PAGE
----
This is a very precise indication of exit altitude. If you exit while the plane is climbing (which is typical during a hop-n-pop) you will be "thrown" upward but the GPS can detect the precise exit point based on downward acceleration.
This indicates the initiation altitude of the speed building maneuver. This may mean different things depending on the pilot's flying style. It is typically the point where the pilot released his brakes and began applying double front riser input.
max vertical speed:
This is the highest vertical speed during the turn (it usually occurs right before the rollout). It is a good indicator of how much power was built in the turn (wind has little effect on this metric).
This is the altitude where the rollout begins. It is defined as the point where vertical speed peaks and then monotonically decreases until ground level. You may still be turning during the rollout but you are not generating vertical speed. Usually only minor heading corrections occur during the rollout.
max total speed:
This is the highest total speed (combined speed on all axes) during the turn. Wind will influence this value.
max horizontal speed:
This is the highest horizontal speed (combined speed in the x-axis and y-axis) during the turn and rollout. Wind will strongly influence this value (it will be higher during downwind swoops and lower during upwind swoops).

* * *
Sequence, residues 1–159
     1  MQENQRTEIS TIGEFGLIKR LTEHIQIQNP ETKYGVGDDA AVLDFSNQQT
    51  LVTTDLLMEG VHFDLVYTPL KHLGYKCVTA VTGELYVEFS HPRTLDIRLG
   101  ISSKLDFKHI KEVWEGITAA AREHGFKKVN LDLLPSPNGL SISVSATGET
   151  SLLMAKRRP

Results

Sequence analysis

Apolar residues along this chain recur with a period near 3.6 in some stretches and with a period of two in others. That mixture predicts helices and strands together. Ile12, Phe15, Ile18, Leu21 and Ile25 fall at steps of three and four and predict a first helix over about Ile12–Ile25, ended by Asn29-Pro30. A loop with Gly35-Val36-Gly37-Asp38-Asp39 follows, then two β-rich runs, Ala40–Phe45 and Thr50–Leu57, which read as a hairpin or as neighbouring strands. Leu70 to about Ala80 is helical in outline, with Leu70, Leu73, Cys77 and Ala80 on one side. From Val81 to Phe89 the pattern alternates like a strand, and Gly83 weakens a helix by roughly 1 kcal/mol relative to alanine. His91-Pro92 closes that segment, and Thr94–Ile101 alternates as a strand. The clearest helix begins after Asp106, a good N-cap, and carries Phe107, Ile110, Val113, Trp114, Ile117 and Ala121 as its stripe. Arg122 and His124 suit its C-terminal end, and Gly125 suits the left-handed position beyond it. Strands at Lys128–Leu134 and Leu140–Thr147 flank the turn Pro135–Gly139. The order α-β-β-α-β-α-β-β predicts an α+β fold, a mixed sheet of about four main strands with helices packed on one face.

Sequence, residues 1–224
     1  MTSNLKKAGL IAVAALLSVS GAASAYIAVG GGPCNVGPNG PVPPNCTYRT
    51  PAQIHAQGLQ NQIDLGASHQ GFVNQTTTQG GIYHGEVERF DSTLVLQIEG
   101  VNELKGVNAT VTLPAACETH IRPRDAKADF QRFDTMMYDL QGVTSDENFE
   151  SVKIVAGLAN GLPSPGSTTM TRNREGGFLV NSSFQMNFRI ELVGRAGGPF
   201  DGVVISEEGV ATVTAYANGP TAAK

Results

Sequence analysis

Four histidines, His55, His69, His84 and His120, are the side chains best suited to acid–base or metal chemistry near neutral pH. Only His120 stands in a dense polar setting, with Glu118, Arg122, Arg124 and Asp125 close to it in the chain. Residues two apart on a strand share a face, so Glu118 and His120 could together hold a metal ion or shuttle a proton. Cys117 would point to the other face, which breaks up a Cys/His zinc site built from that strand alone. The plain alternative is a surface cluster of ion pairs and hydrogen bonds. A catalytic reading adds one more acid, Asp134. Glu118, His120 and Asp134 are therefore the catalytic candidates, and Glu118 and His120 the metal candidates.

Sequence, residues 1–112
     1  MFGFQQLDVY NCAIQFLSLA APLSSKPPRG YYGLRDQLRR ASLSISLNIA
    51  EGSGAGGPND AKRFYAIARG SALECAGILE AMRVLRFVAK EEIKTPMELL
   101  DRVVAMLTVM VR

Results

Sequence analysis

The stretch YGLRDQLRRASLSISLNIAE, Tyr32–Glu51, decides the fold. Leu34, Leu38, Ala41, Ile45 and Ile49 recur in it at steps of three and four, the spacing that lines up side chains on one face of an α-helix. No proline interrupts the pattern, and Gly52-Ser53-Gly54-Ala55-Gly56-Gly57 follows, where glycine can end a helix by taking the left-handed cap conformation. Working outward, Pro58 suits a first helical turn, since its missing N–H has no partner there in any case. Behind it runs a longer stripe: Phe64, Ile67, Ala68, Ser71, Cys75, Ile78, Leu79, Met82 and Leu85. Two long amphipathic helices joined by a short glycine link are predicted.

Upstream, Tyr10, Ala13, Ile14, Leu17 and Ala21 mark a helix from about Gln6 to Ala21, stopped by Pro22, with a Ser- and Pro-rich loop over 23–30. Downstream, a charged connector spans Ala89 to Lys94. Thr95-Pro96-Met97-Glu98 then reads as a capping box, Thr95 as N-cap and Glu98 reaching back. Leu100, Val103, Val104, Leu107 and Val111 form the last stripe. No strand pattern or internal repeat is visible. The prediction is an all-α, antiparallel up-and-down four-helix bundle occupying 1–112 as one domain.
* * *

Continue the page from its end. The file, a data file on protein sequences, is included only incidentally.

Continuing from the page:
degrees of rotation:
This indicates the size of the turn (the total heading change during the speed building maneuver).
time to execute turn:
This is the elapsed time between the start of the turn and the beginning of the rollout.
time during rollout:
This is the elapsed time between the start of the rollout and the point where the pilot passes the entry gate. If the entry gate is missed no value will be computed.
time aloft during swoop:
This is the elapsed time between the entry gate and touchdown.
entry gate speed:
This is the x-axis speed when the pilot eclipses the entry gate. It is interpolated between the nearest points before and after the gate.
distance to stop:
This is the x-axis distance between the entry gate and the point where motion stops (it includes the slide or runout).
This is an estimate of the x-axis distance between the entry gate and the first point of contact with the ground. The pilot must walk back to the touchdown point before turning off the GPS in order to calculate this metric.
speed carve time:
This is the time elapsed during a speed run through an IPC speed carve course. It is calculated only if the heuristics detect a speed carve run.